Table I.

Physical parameters for synthesis of phase pure BaMF4 (M = Co, Ni, Zn).

Ba(NO3)2.4H2OM(NO3)2NH4HF2 TempTime 
(mol %)(mol %)(mol %)pH(°C)(h)Product
120 36 Biphasic 
1.3 120 60 Biphasic 
1.4 120 60 Biphasic 
1.5 10 150 60 Phase pure 
Ba(NO3)2.4H2OM(NO3)2NH4HF2 TempTime 
(mol %)(mol %)(mol %)pH(°C)(h)Product
120 36 Biphasic 
1.3 120 60 Biphasic 
1.4 120 60 Biphasic 
1.5 10 150 60 Phase pure 

The XRD patterns of all the products having the chemical formula BaMF4 are shown in Fig. 1. The XRD pattern shows that all the compounds are in single phasic in nature. All these compounds present the same crystalline structure; they belong to the orthorhombic system, with space group Cmc21. The obtained cell parameters for different compositions were calculated by using POWDERX software. The cell parameters of all the compounds have been summarized in the Table II.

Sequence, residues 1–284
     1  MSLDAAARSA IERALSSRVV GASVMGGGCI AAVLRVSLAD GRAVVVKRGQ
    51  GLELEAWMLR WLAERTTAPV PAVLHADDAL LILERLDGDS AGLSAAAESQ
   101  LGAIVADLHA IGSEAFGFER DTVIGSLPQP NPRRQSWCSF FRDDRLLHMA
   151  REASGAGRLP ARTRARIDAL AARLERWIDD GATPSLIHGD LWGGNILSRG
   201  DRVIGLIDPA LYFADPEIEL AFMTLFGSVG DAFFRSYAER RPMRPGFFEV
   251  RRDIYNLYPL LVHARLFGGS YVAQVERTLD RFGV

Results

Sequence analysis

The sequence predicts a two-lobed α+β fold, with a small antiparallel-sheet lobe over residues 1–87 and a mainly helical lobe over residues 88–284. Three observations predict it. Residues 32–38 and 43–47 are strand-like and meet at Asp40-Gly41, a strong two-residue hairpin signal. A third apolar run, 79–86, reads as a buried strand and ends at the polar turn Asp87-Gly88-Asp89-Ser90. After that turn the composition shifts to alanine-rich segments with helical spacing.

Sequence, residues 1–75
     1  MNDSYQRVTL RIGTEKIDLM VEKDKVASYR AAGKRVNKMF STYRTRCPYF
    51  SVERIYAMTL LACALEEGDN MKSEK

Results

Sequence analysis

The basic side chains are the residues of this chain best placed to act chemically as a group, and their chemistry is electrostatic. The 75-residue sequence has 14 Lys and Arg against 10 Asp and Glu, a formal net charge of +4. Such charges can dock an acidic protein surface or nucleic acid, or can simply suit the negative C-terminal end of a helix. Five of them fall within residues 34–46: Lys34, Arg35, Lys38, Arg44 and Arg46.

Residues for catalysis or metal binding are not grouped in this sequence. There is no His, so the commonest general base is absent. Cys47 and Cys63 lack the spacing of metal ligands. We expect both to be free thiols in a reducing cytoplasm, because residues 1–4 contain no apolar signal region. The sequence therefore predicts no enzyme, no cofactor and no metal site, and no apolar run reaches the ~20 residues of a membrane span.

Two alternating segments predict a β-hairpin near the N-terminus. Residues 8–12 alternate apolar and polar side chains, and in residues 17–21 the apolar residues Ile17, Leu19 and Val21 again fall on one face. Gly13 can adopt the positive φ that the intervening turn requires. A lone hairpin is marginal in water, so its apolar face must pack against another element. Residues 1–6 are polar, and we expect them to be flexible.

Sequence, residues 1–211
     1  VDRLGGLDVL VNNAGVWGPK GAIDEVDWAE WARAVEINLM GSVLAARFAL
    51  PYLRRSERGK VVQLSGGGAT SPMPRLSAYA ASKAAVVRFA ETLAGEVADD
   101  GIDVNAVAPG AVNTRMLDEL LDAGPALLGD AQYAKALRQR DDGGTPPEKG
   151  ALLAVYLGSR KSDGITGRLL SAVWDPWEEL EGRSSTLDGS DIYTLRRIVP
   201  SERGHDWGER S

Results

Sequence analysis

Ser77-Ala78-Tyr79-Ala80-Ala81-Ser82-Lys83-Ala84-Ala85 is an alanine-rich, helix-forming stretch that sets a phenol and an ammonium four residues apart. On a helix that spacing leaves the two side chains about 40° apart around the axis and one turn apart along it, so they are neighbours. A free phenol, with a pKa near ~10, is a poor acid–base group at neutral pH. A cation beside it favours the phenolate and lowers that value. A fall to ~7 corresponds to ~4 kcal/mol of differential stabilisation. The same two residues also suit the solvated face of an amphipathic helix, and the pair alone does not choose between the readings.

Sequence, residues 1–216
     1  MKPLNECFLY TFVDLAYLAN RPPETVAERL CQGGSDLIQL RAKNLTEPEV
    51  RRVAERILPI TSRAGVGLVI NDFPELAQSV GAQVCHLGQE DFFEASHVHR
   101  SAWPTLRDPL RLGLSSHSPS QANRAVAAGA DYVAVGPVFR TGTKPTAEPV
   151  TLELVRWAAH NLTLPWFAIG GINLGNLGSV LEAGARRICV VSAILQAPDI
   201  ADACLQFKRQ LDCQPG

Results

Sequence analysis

FIG. 1.

Powder XRD patterns of BaMF4 (M = Co, Ni, Zn).

FIG. 1.

Powder XRD patterns of BaMF4 (M = Co, Ni, Zn).

Close modal
Table II.

Different physical parameters of BaMF4 (M = Co, Ni, Zn) compounds.

 BaCoF4BaNiF4BaZnF4
Cell parameters (Å) a = 5.851(3) a = 5.775 (1) a = 5.825 (2) 
  b = 14.62 (3) b = 14.351 (3) b = 14.477(1) 
  c = 4.218 (2) c = 4.133 (2) c = 4.188(2) 
Saturation polarization (Ps) (μC/cm20.13 0.10 0.09 
Remanance polarization (Pr) (μC/cm20.11 0.08 0.015 
Loop Squarness (Pr/Ps)% 84 80 63 
 BaCoF4BaNiF4BaZnF4
Cell parameters (Å) a = 5.851(3) a = 5.775 (1) a = 5.825 (2) 
  b = 14.62 (3) b = 14.351 (3) b = 14.477(1) 
  c = 4.218 (2) c = 4.133 (2) c = 4.188(2) 
Saturation polarization (Ps) (μC/cm20.13 0.10 0.09 
Remanance polarization (Pr) (μC/cm20.11 0.08 0.015 
Loop Squarness (Pr/Ps)% 84 80 63